Modeling State Decisions to Pursue Nuclear Weapons
Lee, So Jin
This paper addresses the puzzle of why states proliferate nuclear weapons, despite a widespread call for global nuclear disarmament and the high costs of non-compliance behavior that follow. Most existing research on the determinants of nuclear proliferation has focused solely on either the demand-side or the supply-side of the equation. I, however, approach the puzzle by simultaneously using both the supply and demand aspect of nuclear proliferation, using existing concepts. I hypothesize that states pursue nuclear weapons when they perceive high levels of security threats, and if the following two conditions are met: 1) states do not have a credible, unconditional alliance with a nuclear superpower, and 2) states have received significant nuclear assistance. Based on my hypothesis, I construct an analytical framework and test my set of hypotheses, using the variations in North Korea's pursuit of nuclear weapons over-time as a case study. By analyzing North Korea's case, I found that all three variables - level of perceived threat, credible and unconditional alliance with a nuclear superpower, and whether the state has received significant nuclear assistance - are important when studying why states proliferate nuclear weapons. My findings imply three policy options that could successfully prevent other "latent" states from becoming full-fledged nuclear states.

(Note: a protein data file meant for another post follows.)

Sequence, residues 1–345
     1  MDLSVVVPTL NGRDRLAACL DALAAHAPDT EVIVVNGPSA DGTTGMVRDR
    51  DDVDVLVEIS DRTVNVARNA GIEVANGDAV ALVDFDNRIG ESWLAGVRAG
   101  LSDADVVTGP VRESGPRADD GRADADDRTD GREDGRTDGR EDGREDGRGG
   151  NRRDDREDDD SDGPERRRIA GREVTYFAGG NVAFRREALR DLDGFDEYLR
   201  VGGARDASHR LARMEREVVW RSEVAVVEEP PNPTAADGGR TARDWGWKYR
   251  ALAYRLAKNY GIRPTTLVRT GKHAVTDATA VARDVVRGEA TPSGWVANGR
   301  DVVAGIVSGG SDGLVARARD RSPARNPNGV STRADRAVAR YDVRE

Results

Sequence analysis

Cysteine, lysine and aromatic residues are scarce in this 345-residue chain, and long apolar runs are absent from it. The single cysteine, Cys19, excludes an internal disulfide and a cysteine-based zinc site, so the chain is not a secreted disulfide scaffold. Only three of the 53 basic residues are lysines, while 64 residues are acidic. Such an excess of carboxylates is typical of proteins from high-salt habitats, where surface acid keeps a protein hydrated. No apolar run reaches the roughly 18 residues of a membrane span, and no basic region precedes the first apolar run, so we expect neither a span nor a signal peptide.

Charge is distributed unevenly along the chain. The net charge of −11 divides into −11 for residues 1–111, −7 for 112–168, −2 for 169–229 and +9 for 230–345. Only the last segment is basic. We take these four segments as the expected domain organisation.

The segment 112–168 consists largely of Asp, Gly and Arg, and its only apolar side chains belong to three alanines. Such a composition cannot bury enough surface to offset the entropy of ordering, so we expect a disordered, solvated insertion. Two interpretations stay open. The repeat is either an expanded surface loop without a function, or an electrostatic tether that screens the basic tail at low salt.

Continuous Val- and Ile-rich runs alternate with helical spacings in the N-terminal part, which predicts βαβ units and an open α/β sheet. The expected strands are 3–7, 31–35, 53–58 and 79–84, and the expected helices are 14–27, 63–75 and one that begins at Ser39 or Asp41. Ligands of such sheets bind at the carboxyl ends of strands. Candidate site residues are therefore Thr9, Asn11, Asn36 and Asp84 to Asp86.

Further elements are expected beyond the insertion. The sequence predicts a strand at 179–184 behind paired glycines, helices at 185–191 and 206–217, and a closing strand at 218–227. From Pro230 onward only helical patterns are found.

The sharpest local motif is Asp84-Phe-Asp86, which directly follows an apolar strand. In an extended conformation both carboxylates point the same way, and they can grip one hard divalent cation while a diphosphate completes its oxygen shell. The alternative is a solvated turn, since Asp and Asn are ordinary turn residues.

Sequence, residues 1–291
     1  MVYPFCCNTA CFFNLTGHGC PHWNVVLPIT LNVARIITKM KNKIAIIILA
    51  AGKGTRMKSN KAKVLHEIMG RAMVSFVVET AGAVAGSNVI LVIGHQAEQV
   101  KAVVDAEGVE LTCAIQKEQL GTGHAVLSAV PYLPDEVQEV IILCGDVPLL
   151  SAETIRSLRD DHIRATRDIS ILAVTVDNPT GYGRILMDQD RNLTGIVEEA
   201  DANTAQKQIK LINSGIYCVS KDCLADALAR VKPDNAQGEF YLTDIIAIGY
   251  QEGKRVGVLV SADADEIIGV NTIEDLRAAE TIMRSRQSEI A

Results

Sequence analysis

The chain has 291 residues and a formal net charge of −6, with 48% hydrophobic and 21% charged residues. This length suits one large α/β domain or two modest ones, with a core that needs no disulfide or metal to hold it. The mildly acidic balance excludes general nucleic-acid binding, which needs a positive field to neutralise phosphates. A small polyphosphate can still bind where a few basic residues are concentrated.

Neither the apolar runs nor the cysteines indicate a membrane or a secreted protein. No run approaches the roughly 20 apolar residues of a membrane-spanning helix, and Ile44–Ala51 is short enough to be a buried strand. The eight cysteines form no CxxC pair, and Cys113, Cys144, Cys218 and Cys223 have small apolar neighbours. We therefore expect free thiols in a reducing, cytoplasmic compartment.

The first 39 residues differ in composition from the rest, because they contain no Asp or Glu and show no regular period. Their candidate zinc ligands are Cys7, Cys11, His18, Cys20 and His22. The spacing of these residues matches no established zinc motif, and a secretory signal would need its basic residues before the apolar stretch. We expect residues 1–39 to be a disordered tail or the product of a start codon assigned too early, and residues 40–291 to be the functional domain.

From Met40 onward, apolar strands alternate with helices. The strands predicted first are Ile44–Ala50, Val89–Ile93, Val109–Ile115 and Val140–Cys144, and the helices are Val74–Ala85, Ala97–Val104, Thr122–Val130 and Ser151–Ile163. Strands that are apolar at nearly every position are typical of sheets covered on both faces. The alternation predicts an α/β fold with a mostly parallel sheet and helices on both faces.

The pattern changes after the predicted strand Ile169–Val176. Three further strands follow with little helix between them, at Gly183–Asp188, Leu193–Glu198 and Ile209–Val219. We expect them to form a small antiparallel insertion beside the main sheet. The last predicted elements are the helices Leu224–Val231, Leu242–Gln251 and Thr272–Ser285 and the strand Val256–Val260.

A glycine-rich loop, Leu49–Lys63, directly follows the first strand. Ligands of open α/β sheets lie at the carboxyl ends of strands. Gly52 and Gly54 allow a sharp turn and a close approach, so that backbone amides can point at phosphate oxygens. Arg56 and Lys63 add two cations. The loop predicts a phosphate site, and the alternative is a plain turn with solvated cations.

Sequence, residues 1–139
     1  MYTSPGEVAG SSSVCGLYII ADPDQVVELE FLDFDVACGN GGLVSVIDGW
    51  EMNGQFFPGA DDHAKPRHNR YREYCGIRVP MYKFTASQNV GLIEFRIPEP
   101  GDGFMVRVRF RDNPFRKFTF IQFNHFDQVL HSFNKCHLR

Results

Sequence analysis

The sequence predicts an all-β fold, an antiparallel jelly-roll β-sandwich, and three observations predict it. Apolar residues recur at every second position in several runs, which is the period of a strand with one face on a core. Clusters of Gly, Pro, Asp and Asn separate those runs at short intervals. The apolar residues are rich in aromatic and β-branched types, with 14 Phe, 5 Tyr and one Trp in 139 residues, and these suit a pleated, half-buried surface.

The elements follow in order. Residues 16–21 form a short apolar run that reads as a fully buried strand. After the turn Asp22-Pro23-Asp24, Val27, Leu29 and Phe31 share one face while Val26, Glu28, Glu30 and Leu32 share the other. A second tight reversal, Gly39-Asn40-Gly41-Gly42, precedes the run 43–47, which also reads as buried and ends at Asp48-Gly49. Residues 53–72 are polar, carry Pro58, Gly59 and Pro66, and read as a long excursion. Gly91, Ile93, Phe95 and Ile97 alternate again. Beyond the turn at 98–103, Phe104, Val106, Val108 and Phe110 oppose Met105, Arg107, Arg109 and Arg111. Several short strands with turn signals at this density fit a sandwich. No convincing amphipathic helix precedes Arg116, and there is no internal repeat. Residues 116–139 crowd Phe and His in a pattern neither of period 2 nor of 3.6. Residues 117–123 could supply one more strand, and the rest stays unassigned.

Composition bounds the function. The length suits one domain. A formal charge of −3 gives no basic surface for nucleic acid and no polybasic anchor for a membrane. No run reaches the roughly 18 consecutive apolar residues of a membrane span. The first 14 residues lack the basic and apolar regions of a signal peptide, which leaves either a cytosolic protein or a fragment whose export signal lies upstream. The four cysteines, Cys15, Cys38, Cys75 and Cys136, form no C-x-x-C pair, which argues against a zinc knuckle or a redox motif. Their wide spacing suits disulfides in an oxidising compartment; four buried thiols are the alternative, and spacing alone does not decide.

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Exposure of the American Population to Radioactive Fallout From Nuclear Weapons Tests: A Review of the Cdc-Nci Draft Report on a Feasibility Study of the Health Consequences to the American Population From Nuclear Weapons Tests Conducted by The United States and Other Nations Unknown author (National Research Council (United States). Division on Earth and Life Studies. Board on Radiation Effects Research. Committee to Review the CDC-NCI Feasibility Study of the Health Consequences from Nuclear Weapons Tests, 2003)